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Moscow murder suspect moved from Pennsylvania jail, headed to Idaho

Bryan Kohberger was moved from the jail in Monroe County, Pennsylvania on Wednesday morning and will be booked into jail in Idaho once he arrives in the state.

MOSCOW, Idaho — The suspect in the murders of four University of Idaho students was moved out of a Pennsylvania jail on Wednesday morning as he is expected back in Idaho to face charges.

Monroe County Jail Administration tells KREM 2 News that 28-year-old Bryan Kohberger was transferred to Pennsylvania State Police custody on Wednesday morning. Pennsylvania State Police said they couldn't share any further information because of security reasons.

Kohberger waived his extradition rights at his court hearing in Monroe County, Pa on Tuesday. He was arrested in the early morning of Dec. 30, 2022. The arrest comes nearly seven weeks after the students' bodies were found in an off-campus home.

Law enforcement officials told CBS that forensic analysis linked him to the crime. Kohberger faces four counts of first-degree murder and a felony burglary charge. After he's charged in Idaho, authorities are expected to release more details about the case and unseal the probable cause affidavit.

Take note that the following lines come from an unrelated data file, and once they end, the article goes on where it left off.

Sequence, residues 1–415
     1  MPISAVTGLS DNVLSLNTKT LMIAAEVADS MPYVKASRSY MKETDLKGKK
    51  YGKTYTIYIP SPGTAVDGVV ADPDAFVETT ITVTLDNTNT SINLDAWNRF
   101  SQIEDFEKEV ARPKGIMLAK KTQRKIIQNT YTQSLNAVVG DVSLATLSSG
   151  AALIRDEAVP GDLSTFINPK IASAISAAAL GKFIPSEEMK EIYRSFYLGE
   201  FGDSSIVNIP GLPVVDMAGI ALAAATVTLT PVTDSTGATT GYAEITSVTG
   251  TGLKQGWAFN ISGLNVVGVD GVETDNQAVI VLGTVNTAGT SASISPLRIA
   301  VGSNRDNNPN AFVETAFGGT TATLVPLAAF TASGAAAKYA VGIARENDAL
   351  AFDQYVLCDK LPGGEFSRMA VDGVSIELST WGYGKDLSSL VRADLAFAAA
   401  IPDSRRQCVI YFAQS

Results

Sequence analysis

FBI agents tracked Kohberger from Washington state to Eastern Pennsylvania for several days leading up to his arrest. According to investigators, Kohberger and his father made the 2,500-mile road trip in a white Hyundai, the same make and model of a car spotted near the murder scene. 

Video shared by Indiana State Police shows a trooper pulling over Kohberger for following too closely while making that drive from Washington to Pennsylvania. Kohberger and his father were driving a White Hyundai Elantra with Washington plates. The trooper let them go with a warning.

On Dec. 31, Kohberger's attorney Jason LaBar said his client is "eager to be exonerated" and intends to "waive his extradition hearing to expedite his transport to Idaho."

"Mr. Kohberger has been accused of very serious crimes, but the American justice system cloaks him in a veil of innocence," his attorney said in a written statement. "He should be presumed innocent until proven otherwise- not tried in the court of public opinion."

In a statement, Kohberger's family said they promote his presumption of innocence but also "care deeply for the four families who have lost their precious children."

"There are no words that can adequately express the sadness we feel, and we pray each day for them," the family said.

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